South Africa Votes, Freely and Fairly
On Wednesday, May 7, South Africans took to the ballot box for a historic vote—20 years since the end of apartheid. By mid-day Thursday, 83 percent of the ballots were counted, and the ruling ANC party was projected to win the election with 63 percent of the vote. In a distant second place, the main opposition party, the Democratic Alliance, held 22 percent. The elections were carried out with no major objections or incidents, save concerns over images of dumped ballots in Pretoria, currently under investigation by local authorities.
United Nations Secretary-General Ban Ki Moon commended “the determination of South Africans to participate meaningfully in the democratic system the country has fought so hard to establish.” With the ANC looking set to win the election, the rand gained against the dollar, rising to its strongest level so far this year. The rand’s strength was further bolstered by data on trade expansion with China that surpassed initial estimates by 0.9 percent. An ANC victory will pave the way for President Jacob Zuma to usher in the pro-business reforms his party hopes will spur economic growth and create jobs to address the country’s high unemployment rate, which currently stands at 25 percent.
Talks on Inclusive Growth at the World Economic Forum
As the World Economic Forum on Africa got underway in Abuja, recent attacks perpetrated by Boko Haram threatened to overshadow the summit’s proceedings.
Despite heightened security concerns surrounding the meeting, it was well attended by African heads of state, international business leaders and political figures such as Chinese Premier Li Keqiang, who is participating in the meeting as a part of his tour of the continent. Mr. Li began his trip in Ethiopia, where on Sunday he signed more than a dozen agreements to expand trade ties. He also pledged that China will set aside $2 billion for an African Development Fund with a view to supporting the construction of a high-speed railway system across the continent.
At the opening of the forum on Wednesday, Nigerian President Goodluck Jonathan called Boko Haram’s kidnapping of 276 school girls last month a turning point in the fight against the group and “the beginning of the end for terror in Nigeria.” His statements came shortly after another deadly assault on Monday, in which 310 people were killed in the town of Gamboru Ngala near the border with Cameroon. The U.S.—alongside France, Britain and China—is preparing to send a group of military, law enforcement and security advisers to assist Nigerian officials in locating the missing school girls.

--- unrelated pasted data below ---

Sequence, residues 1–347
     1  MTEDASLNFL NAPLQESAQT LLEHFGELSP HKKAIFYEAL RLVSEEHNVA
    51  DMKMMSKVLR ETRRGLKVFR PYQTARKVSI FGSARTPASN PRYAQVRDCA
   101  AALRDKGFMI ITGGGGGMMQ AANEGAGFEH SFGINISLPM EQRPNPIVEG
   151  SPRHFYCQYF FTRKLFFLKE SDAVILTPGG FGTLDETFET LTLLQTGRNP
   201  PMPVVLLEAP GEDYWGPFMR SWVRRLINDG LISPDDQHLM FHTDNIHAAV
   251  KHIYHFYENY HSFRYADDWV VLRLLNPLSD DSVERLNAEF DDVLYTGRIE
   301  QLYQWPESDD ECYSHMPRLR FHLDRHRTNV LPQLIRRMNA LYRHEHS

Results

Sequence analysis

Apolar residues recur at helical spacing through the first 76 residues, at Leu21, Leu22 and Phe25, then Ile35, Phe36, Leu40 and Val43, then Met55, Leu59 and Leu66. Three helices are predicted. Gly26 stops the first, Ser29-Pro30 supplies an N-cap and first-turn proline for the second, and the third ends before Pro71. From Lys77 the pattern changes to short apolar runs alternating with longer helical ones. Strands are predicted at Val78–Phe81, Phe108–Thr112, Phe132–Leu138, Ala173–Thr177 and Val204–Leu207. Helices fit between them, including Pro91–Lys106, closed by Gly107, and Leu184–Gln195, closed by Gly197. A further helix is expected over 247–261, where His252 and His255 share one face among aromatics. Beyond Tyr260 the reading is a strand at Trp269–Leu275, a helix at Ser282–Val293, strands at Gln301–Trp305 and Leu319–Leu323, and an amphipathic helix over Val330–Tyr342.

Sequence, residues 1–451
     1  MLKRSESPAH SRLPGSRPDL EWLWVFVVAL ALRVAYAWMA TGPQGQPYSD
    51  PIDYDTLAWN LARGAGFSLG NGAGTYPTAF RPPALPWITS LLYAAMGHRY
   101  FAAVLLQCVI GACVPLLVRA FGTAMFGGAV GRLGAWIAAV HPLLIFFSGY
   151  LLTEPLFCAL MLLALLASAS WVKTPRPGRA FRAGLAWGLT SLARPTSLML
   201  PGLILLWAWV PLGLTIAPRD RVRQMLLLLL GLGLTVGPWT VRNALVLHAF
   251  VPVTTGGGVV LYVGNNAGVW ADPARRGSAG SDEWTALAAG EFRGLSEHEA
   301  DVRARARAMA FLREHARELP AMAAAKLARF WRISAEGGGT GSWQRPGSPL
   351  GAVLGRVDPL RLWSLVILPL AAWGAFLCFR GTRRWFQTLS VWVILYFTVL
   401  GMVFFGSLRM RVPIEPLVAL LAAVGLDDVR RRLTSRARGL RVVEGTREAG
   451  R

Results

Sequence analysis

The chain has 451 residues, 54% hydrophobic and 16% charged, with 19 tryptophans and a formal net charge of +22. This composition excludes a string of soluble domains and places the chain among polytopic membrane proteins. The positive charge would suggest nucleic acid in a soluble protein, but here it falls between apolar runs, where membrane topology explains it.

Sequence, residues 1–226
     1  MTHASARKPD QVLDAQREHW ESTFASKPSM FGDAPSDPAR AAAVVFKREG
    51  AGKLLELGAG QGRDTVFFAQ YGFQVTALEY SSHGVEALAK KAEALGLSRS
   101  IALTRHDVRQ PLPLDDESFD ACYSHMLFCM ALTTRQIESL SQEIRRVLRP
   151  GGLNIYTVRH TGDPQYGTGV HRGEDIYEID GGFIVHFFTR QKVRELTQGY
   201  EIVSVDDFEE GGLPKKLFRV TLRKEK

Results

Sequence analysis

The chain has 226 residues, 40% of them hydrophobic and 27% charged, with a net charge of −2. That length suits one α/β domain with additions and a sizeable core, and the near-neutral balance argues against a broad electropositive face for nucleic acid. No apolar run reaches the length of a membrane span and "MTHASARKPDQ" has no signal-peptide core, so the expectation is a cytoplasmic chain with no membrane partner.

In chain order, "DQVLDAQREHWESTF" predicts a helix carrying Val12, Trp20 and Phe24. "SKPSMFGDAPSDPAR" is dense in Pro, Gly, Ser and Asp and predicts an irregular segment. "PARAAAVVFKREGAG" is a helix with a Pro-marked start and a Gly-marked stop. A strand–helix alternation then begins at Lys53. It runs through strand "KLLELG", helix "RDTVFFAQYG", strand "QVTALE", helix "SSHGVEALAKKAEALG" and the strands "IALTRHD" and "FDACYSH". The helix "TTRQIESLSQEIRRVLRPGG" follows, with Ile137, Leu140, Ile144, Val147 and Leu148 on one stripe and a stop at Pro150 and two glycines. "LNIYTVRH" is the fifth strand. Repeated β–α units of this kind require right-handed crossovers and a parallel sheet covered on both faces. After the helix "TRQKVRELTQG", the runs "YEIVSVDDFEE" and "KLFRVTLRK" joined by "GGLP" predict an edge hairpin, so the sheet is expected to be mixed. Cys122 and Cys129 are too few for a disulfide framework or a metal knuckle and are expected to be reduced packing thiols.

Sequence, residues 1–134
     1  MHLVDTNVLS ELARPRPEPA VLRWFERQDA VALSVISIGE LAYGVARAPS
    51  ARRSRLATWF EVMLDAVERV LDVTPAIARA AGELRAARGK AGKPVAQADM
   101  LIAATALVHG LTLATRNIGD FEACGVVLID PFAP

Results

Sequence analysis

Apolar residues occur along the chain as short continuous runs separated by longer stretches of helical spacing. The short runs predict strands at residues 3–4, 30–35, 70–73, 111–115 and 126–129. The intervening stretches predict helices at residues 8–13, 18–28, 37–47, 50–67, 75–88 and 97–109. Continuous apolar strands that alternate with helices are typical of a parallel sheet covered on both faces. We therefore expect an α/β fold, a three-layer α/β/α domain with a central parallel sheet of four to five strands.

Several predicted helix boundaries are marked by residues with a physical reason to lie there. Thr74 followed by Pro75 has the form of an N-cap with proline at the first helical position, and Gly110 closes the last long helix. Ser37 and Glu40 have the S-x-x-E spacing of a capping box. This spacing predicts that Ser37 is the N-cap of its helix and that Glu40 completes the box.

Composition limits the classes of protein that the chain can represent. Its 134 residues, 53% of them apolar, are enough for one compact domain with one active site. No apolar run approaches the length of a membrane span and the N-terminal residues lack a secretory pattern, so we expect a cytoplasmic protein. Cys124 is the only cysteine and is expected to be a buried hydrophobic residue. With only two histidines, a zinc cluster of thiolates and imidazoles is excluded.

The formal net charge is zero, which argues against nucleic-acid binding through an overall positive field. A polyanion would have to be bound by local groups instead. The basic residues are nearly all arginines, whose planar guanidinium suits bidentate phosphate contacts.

Peace Negotiations over South Sudan Conflict
In other news, talks between South Sudanese President Salva Kiir and opposition leader Riek Machar are poised to take place today in Addis Ababa. The talks come shortly after Secretary of State John Kerry’s trip to Africa, during which he spoke with President Kiir in Juba to secure his commitment to the negotiations. On Thursday, a U.N. human rights report detailing crimes against humanity committed by both parties to the conflict was released. It called for the perpetrators of the widespread atrocities to be brought to justice.
The Electrify Africa Act Passes
The Electrify Africa Act (H.R. 2548), which passed the House Foreign Affairs Committee in February, passed the House Floor yesterday by a margin of 21 votes. This Act, in conjunction with the Obama Administration’s Power Africa Initiative, demonstrates U.S. commitment to supporting the continent as it strives to sustainably and inclusively meet its energy needs. As the bill moves on to the Senate, its proponents are calling for the addition of “clear goals for rural access and distributed renewable energy development.”